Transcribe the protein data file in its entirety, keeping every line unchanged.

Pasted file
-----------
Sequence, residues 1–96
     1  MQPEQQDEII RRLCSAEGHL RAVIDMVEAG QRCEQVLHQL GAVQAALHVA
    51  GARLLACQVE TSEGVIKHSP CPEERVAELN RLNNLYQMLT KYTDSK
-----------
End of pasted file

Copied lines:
Sequence, residues 1–96
     1  MQPEQQDEII RRLCSAEGHL RAVIDMVEAG QRCEQVLHQL GAVQAALHVA
    51  GARLLACQVE TSEGVIKHSP CPEERVAELN RLNNLYQMLT KYTDSK